Monday, 3 October 2016

NOW THAT'S WHAT I CALL ART...



Just for the sheer hell of it, here's a stunning illustration by DON
LAWRENCE, featuring characters from The TRIGAN EMPIRE.
For the full effect, click to enlarge, then click again.  Superb.

******


And below is the book you'll surely be wanting to track down on
eBay so you can have your own copy of the above endpapers, as
well as the origins of The Trigan Empire.  Published by HAMLYN
in 1978, it's a book well-worth having.   Good hunting. 


6 comments:

paul Mcscotty said...

I managed to pick up a big coffee table book "Tales of the Trigan Empire" about 15/20 years ago in one of those surplus book outlet stores for about £3, amazing art. I was aware of the strip previously via "Vulcan" and possibly via a friends "Look and Learn" (I was never one of those swotty gits that bought L&L myself)

Kid said...

Actually, it was Tales From The Trigan Empire (he said, pedantically) and I got my copy for nothing. I bought a run of L&L in the late '70s because some of the art fascinated me (still got 'em), and I bought a 48 issue series of the best of L&L, which included The Trigan Empire from the beginning ('though it first appeared in Ranger). It also came with a facsimile of the original 1st issue and free gift. Very nice. However, I must point out that I wasn't a swotty git either.

Philip Crawley said...

Well here's one of the few occasions I don't have to track down one of your book recommendations - I have it already. Not sure where I picked it up (so nothing too memorable about the when and where if it didn't create an association). But I do marvel at how some of these artists managed to turn out the quality art they did on the deadlines they must have had. I'm thinking of Embleton, Bellamy etc.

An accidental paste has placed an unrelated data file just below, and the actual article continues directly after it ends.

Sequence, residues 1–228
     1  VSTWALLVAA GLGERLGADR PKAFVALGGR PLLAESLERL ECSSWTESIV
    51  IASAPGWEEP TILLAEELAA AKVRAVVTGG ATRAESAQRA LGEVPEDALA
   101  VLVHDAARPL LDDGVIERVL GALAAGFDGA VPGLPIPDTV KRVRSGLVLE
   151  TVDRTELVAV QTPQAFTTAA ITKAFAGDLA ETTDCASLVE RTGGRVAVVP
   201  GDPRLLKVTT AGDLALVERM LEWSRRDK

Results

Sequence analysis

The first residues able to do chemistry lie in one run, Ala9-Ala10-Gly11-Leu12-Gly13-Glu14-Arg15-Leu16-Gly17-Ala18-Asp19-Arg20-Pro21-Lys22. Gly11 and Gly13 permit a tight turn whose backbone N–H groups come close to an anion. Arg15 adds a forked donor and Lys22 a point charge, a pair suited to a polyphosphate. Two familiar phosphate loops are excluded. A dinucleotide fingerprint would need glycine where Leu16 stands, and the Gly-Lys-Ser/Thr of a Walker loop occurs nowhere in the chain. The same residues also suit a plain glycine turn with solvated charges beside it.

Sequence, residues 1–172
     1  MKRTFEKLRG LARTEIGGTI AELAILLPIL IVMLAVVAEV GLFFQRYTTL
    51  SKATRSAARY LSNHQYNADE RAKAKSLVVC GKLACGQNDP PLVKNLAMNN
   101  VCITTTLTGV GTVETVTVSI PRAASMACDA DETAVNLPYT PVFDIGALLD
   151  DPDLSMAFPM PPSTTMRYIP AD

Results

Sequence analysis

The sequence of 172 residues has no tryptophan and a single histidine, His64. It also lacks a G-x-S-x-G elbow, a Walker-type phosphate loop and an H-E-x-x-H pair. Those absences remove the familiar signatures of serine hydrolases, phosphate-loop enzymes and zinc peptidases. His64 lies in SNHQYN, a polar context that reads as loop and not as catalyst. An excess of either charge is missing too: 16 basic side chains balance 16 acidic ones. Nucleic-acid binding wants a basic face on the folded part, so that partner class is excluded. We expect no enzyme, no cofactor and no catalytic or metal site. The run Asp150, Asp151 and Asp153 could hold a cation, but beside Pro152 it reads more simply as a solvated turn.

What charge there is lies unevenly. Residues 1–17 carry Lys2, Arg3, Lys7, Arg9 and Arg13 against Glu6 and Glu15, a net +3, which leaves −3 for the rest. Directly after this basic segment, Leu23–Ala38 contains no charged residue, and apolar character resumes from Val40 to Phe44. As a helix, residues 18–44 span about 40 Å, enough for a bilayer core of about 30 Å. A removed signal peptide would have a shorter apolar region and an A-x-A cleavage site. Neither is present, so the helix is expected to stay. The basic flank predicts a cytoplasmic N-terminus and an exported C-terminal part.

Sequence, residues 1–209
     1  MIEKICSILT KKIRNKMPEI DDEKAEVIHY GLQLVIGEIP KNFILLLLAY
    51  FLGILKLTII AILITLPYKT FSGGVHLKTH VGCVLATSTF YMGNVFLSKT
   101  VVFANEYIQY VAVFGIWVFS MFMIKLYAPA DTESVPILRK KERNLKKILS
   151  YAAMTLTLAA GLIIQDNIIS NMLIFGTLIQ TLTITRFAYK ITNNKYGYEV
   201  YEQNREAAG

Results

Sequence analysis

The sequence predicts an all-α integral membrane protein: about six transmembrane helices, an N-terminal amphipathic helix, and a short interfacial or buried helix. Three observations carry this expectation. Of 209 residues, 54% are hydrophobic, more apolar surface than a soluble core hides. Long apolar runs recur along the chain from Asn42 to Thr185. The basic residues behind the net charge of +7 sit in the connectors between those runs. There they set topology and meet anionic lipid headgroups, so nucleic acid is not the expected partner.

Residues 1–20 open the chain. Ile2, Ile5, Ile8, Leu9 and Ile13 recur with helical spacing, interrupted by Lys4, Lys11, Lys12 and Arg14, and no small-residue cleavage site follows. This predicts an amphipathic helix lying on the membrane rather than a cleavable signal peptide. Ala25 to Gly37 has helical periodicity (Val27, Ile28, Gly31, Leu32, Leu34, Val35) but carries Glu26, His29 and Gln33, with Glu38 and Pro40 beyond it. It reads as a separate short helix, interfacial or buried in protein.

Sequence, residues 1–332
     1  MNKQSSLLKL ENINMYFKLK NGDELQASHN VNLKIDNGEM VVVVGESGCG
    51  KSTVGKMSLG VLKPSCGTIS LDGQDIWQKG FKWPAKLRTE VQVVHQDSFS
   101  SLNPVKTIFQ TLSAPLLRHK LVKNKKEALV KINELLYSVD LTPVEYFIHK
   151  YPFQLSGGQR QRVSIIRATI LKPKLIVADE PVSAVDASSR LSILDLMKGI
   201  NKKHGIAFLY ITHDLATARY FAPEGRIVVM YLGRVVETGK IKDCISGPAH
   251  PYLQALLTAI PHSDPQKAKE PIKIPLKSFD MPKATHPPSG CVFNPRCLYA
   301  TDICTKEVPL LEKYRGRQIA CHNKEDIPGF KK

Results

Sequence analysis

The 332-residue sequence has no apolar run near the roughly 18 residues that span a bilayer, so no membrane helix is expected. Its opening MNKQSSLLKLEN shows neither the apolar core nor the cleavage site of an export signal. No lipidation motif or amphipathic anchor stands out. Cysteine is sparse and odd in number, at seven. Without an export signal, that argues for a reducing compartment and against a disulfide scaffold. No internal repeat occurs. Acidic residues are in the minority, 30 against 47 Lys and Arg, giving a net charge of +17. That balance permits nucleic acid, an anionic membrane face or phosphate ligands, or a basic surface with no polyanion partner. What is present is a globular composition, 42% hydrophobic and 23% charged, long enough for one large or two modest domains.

Kid said...

I bought my copy of the book from John Menzies in Glasgow's Buchanan Street in the late '70s or very early '80s, PC. It was good to see the images again that I'd last seen in Vulcan. I suspect it was because of the strip in Vulcan in the mid-'70s which prompted me to buy my run of Look & Learn in the late '70s, so that I could read the latest adventures. The art on the strip wasn't quite as good by this time 'though. Yeah, the quality (as well as quantity) of colour work produced on a weekly basis by Noble, Embleton, Lawrence, Bellamy, etc., was simply stunning.

Phil S said...

Speaking of Vulcan. http://m.motherjones.com/environment/2016/09/science-failure-inquiring-minds

To make it short, astronomers thought they had discovered the existence of an unknown planet in the solar system and named it Vulcan. In fact what they were seeing was the effect of relativity.

Kid said...

Er, that's a bit TOO short to do the story justice, Phil. Scientists eventually concluded that a funny wobble in Mercury's orbit could be explained by Einstein's theory of relativity, and didn't, as first thought (based on Newton's laws of motion), require the existence of a planet which they couldn't see, and which they'd named Vulcan. However, visit the link anyway, Criv-ites, 'cos it's interesting.

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